Tezuka writer's block

Wednesday reading — balls and strikes

What I've been reading

I read Armada, Ernest Cline's new book. I'm not entirely sure if I think it's objectively not as much fun as Ready Player One, or if both books just rely on a schtick so similar that whichever one I read first would seem delightful and whichever one I read second would feel like a retread. I think all the retro references make more sense inside Ready Player One's game world, which, like the book itself, is the product of a creator who can put in all the references to the things he loves that he wants, simply because it pleases him and he wants to reward other people for being into the same things as he was. Whereas in Armada, there's this bit where Zack's dad is explaining how when they were building an actual base on the far side of the moon, they cribbed blueprints from the Nostromo from Alien as a shortcut, which just makes no sense. The set design for the movie is totally visual; there's no there to crib from. It's something you can do when you're making a video game that makes no sense when you're building something real where you would make your decisions for actual practical reasons. I mean, I realize that this is the stupidest thing, but I feel like the book wasn't working very well for me if stupid things like this were bugging me while I was reading it.

I reread Dave Barry's Book of Bad Songs, because I've been digitizing my parents' vinyl collection, which contains a number of the aforementioned bad songs. Fun fact: when I was twelve, I checked out a copy of the Richard Harris album A Tramp Shining so that I could actually hear the legendary MacArthur Park. I thought it was one of the funniest things I had ever heard, albeit completely unintentionally so. My parents were distressed to have their decades-long streak of successfully avoiding hearing that song ever again broken.

I reread Jane Eyre, as previously mentioned. I think my friendslist has more sense than Stevie Davies with regard to scrags.

I read Go Set a Watchman, a book I didn't realize I was interested in reading until all the unhappy reviews started leaking out, so I guess they were helpful to me. I ended up finding it really interesting. This book does a reasonably good job trying to establish Jean Louise/Scout's childhood with description and multiple fairly long flashbacks, but it's also very easy to see where an editor would have ended up prompting her to flesh that out into what became To Kill a Mockingbird. Inadvertently, since this book is all about how Jean Louise feels betrayed by Atticus as an adult, there pretty much could not be a more effective way to achieve that effect than by allowing the Atticus of Scout's childhood to be firmly established with a few generations of readers before releasing this book.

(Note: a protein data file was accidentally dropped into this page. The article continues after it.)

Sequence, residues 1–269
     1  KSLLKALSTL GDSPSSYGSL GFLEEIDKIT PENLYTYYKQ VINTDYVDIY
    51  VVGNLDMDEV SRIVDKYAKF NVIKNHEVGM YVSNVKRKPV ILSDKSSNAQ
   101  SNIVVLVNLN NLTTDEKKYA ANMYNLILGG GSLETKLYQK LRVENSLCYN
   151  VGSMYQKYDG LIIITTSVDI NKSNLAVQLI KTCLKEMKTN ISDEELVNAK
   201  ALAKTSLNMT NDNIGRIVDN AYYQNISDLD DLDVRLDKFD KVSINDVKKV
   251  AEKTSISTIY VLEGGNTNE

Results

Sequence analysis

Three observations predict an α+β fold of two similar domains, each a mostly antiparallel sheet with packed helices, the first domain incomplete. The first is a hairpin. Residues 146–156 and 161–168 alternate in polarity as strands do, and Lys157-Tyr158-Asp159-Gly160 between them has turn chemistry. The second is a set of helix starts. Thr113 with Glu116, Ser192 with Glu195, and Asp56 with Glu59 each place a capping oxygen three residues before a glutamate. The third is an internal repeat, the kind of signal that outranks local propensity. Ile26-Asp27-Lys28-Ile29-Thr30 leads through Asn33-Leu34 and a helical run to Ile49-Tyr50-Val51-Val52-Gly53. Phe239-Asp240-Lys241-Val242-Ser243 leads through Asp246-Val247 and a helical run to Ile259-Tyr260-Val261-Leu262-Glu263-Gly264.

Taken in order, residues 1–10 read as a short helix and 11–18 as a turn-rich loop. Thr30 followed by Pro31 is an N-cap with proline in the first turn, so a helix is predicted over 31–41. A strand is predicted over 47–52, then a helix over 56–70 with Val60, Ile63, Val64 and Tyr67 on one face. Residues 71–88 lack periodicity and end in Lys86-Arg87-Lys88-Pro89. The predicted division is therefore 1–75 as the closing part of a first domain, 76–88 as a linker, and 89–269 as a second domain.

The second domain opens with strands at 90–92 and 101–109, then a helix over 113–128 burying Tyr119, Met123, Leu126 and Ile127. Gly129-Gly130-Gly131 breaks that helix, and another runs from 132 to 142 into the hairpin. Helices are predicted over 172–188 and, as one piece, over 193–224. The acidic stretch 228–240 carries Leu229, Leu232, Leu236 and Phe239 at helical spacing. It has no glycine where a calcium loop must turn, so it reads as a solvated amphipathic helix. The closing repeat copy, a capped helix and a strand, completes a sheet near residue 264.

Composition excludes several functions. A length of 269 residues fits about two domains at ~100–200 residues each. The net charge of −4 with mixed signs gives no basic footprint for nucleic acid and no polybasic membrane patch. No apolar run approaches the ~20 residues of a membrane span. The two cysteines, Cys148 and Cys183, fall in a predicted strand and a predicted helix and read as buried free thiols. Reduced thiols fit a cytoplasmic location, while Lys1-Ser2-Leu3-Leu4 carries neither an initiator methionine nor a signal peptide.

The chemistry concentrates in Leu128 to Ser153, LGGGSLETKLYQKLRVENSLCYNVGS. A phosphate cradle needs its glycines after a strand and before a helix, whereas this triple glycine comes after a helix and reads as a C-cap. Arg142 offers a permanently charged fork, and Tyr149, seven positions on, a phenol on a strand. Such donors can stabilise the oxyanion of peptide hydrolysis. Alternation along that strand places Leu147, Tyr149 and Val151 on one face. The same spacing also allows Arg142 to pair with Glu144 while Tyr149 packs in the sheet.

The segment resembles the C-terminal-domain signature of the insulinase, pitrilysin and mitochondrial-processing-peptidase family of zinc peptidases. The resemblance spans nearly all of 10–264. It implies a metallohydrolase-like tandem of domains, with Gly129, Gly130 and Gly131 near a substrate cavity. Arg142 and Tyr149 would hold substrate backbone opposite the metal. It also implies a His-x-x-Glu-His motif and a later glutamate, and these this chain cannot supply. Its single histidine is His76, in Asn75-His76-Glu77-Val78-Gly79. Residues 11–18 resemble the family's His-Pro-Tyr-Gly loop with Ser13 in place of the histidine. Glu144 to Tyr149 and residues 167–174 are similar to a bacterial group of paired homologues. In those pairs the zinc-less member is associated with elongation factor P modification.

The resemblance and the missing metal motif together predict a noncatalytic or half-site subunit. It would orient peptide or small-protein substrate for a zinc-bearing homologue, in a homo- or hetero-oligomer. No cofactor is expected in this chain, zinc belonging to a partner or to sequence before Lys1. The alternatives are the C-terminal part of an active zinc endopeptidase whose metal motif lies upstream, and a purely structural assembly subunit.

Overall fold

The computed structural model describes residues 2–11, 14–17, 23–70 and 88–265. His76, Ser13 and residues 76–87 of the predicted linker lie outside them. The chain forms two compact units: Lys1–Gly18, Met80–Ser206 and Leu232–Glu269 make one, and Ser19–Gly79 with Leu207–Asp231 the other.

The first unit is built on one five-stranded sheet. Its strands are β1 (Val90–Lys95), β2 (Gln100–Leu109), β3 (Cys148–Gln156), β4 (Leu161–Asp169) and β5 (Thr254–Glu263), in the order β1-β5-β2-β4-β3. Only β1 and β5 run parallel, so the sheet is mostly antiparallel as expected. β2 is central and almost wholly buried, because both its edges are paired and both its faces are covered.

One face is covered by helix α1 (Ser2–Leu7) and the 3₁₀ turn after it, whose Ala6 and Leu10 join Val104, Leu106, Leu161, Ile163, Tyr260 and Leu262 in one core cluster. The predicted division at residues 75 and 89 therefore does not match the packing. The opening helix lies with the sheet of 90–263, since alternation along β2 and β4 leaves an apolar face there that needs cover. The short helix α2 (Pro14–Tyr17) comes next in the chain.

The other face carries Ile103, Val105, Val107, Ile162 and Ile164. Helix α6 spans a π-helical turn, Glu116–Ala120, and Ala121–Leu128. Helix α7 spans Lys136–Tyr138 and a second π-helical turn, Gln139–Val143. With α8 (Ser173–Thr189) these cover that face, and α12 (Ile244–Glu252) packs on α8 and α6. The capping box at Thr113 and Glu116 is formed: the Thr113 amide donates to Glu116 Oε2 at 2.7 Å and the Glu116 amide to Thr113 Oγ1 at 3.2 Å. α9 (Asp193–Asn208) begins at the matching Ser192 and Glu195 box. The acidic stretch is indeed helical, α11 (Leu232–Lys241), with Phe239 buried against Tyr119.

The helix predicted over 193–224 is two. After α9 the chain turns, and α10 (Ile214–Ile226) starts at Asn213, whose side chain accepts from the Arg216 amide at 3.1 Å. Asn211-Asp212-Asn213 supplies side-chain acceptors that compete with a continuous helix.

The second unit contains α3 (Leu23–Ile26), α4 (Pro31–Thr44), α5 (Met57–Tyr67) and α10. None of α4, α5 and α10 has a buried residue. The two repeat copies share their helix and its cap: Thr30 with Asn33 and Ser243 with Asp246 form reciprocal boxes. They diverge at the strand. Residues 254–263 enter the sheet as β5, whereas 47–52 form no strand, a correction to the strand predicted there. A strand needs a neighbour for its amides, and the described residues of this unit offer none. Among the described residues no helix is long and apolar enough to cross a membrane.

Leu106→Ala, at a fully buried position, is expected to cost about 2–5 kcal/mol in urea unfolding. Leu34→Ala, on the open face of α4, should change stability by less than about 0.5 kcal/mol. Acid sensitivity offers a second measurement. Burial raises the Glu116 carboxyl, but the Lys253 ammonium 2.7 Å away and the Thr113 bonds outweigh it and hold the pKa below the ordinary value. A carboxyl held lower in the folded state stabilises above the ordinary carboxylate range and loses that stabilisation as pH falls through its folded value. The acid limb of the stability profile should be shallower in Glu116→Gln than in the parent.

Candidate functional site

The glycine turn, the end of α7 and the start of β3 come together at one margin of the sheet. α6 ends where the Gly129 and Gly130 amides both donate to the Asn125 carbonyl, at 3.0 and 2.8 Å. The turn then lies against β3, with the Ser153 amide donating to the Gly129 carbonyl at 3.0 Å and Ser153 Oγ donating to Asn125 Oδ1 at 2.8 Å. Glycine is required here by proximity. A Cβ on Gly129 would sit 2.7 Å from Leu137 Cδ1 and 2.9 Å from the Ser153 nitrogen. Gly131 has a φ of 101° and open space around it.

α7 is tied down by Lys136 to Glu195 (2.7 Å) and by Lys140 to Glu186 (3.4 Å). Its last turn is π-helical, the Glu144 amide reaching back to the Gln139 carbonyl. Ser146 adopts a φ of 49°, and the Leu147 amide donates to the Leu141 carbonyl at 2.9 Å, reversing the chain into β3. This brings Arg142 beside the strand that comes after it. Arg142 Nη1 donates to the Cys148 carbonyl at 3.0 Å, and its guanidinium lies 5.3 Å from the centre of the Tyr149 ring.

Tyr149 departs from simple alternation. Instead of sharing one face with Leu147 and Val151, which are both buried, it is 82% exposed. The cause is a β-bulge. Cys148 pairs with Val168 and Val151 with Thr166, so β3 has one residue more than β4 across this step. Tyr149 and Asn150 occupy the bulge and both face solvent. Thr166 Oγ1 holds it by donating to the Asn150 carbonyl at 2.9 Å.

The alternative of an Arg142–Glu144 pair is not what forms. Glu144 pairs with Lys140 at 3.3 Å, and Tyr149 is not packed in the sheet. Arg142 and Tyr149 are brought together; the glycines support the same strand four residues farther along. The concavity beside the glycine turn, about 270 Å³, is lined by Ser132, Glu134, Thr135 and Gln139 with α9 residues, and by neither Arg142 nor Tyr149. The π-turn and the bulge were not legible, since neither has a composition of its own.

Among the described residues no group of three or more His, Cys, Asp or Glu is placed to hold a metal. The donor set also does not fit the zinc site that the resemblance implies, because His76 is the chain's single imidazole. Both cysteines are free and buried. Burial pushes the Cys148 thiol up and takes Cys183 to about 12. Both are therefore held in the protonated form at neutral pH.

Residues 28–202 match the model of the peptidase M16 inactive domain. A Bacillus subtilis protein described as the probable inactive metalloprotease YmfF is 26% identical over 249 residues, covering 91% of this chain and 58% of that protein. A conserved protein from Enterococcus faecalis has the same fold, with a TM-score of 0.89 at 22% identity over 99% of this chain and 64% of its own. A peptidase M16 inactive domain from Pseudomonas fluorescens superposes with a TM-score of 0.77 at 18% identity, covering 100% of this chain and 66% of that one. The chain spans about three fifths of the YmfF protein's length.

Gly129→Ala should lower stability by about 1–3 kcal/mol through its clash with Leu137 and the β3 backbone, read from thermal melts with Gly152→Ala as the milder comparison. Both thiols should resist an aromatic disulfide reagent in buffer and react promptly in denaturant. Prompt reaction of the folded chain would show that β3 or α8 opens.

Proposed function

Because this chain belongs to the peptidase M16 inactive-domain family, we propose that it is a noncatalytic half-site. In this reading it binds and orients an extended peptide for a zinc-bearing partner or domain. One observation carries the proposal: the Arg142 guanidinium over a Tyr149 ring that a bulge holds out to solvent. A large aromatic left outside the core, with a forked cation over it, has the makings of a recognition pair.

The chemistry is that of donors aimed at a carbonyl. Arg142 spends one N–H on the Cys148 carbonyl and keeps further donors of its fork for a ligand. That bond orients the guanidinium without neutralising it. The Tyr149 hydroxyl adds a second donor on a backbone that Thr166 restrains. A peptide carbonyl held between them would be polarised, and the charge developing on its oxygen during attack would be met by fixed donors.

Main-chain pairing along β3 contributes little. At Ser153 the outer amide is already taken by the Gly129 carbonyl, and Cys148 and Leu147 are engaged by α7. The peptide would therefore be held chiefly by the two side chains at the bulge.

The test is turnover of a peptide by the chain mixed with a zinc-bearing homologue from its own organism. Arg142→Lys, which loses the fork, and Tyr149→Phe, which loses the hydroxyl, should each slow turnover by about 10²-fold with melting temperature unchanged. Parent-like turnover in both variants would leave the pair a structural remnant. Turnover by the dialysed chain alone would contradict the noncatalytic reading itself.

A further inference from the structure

I reread Street of the Five Moons. Not for any particular reason this time, though, except that I was continuing my Vicky Bliss kick because I love them so.

I read Moneyball: The Art of Winning an Unfair Game, because my dad loves all of Michael Lewis's books, so when they made this one into a movie starring Brad Pitt, we saw it in the theater and it became his favorite movie of all time. He asked me to find him more movies like Moneyball, and there aren't more movies like Moneyball—the closest thing is The Social Network, the other movie adapted from a nonfiction book that Aaron Sorkin worked on the screenplay for, which he duly enjoyed, although not quite as much, so we end up rewatching Moneyball a lot. Not that I mind, because it is actually an excellent movie, which also, as it turns out, employs relatively little poetic license with the story, or at least the way that Michael Lewis tells it. The main differences between the movie and the book are the coverage of the 2002 draft, which they skip over in the movie since none of those players are going to be on the field onscreen, but which involves a bunch of names that thirteen years later are now attatched to significant careers, and the depiction of Scott Hatteberg, who is adorable and memorable as played by Chris Pratt but an even more fascinating player in real life.

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